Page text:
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Columbia Society for Comparative Philosophy 5:30 pm
Columbia Society for Comparative Philosophy @ Columbia Religion Dept. rm 101
Mar 9 @ 5:30 pm – 7:30 pm
Feb. 9: Cat Prueitt (George Mason University) March 9: Kin Cheung (Moravian College) April 13: Lara Braitstein (McGill University) May 11: David Cummiskey (Bates College) Also, please visit our website: http://www.cbs.columbia.edu/cscp/ Co-Chairs Professor Jonathan Gold Associate Professor, Princeton University, Department of Religion jcgold@princeton.edu Professor Hagop Sarkissian Associate Professor, The City University of New York, Baruch College | Graduate Center, Department of Philosophy hagop.sarkissian@baruch.cuny.edu Rapporteur Jay Ramesh jr3203@columbia.edu
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Consistency Conditions on Fundamental Physics – Rachel Rosen (Columbia University). 2:10 pm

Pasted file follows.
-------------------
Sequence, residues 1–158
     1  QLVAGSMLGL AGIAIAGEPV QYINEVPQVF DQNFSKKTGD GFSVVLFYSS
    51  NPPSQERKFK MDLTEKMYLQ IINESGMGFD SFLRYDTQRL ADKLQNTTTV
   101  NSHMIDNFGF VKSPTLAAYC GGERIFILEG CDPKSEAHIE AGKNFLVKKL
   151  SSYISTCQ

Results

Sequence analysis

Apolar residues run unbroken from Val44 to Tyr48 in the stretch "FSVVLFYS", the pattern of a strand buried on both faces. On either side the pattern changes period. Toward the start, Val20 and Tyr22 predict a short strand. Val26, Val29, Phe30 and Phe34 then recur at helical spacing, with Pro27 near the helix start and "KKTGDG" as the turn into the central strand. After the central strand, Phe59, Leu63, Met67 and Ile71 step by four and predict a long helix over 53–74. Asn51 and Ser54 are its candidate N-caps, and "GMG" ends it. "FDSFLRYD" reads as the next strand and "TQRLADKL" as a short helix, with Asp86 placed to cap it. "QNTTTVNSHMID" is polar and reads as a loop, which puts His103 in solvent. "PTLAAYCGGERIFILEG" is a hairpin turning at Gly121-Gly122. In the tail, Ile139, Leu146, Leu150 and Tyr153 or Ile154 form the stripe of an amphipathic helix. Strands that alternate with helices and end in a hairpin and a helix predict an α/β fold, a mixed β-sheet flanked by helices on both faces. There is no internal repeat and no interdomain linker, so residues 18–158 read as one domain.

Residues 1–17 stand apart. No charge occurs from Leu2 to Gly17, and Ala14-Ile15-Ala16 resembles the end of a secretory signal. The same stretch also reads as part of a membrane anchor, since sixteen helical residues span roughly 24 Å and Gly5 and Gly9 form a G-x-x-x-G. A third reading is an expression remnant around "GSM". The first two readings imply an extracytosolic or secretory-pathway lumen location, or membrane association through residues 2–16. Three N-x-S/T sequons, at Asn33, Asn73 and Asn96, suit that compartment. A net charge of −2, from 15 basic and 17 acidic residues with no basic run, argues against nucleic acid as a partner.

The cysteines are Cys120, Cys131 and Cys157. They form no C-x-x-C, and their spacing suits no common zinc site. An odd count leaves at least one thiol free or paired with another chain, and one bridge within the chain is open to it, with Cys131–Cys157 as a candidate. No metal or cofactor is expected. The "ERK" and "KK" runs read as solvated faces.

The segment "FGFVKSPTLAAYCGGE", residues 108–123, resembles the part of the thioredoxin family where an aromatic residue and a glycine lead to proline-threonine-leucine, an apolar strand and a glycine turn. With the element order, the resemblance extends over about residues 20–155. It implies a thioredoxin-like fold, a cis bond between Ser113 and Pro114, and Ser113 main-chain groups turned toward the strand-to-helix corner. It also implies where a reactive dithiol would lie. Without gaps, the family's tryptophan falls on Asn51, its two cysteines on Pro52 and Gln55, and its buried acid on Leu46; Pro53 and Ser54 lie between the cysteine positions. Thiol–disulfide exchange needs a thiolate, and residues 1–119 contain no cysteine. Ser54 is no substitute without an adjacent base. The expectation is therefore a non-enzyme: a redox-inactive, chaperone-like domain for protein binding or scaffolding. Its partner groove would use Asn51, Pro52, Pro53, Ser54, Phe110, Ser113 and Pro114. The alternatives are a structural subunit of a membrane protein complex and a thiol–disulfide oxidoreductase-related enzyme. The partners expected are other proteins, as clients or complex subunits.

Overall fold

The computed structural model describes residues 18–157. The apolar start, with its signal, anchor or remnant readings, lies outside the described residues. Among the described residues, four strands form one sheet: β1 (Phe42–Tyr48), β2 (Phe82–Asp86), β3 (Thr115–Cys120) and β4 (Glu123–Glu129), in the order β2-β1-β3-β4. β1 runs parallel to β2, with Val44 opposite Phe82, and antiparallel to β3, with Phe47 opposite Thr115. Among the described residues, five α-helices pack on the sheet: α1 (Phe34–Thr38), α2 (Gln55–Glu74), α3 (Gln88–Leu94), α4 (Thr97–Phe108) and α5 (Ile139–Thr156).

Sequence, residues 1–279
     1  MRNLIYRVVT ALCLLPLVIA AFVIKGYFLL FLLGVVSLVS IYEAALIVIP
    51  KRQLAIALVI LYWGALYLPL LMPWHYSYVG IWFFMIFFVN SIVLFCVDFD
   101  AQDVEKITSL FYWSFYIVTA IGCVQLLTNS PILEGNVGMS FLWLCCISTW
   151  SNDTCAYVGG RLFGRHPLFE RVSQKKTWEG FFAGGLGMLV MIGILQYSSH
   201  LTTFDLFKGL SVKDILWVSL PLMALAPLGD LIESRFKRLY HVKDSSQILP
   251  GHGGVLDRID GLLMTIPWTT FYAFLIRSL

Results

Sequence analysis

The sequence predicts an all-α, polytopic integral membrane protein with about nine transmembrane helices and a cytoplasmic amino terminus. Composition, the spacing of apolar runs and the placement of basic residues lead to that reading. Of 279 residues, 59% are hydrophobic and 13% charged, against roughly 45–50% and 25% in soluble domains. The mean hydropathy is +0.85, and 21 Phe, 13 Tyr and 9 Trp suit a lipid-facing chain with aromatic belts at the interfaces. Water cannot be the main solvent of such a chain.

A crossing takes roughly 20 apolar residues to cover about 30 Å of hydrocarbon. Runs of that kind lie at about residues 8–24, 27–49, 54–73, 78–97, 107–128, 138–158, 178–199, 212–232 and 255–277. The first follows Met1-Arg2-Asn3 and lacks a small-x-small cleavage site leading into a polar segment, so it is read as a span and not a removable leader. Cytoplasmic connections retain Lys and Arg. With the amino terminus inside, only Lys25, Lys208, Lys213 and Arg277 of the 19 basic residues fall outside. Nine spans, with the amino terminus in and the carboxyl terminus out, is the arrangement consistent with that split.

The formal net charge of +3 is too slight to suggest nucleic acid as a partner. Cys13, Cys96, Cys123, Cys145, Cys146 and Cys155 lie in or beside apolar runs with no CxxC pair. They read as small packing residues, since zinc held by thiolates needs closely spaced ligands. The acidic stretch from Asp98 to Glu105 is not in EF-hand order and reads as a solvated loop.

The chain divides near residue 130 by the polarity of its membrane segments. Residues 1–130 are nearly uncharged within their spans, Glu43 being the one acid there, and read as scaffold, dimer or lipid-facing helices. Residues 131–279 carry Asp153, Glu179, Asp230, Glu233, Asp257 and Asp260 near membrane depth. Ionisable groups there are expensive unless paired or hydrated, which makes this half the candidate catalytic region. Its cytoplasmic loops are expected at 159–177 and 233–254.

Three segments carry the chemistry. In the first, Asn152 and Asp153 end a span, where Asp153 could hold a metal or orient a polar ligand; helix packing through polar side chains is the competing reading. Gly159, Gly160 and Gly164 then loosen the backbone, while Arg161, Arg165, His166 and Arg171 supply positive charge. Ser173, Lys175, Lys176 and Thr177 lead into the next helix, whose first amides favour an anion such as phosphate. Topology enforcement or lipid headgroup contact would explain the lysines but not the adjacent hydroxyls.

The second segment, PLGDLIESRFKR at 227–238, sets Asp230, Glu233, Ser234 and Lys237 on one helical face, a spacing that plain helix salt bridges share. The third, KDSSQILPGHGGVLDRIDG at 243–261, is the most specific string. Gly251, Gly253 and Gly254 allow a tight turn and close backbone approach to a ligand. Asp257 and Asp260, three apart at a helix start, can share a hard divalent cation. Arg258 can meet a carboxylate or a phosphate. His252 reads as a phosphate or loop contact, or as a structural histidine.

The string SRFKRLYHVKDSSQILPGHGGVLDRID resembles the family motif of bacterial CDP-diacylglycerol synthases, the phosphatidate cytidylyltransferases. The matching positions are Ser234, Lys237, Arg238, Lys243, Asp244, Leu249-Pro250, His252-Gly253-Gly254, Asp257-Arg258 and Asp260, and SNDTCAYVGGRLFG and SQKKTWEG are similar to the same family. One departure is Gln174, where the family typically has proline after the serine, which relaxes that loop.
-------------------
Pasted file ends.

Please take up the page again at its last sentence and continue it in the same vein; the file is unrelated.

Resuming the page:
Consistency Conditions on Fundamental Physics – Rachel Rosen (Columbia University). @ Columbia University Philosophy Dept.
Mar 20 @ 2:10 pm – 4:00 pm
as our understanding of the universe and its basic building blocks extends to shorter and shorter distances, experiments capable of probing these scales are becoming increasingly difficult to construct. Fundamental particle physics faces a potential crisis: an absence of data at the shortest possible scales. Yet remarkably, even in the absence of experimental data, the requirement of theoretical consistency puts stringent constraints on viable models of fundamental particles and their interactions. In this talk I’ll present some of these constraints and discuss their applications for cosmology, string theory and more. There will be dinner after the talk. If you are interested, please send an email with “Dinner” in the heading …

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Waiting, Watching, Acting: Immediate and Deferred Responses to Political Crisis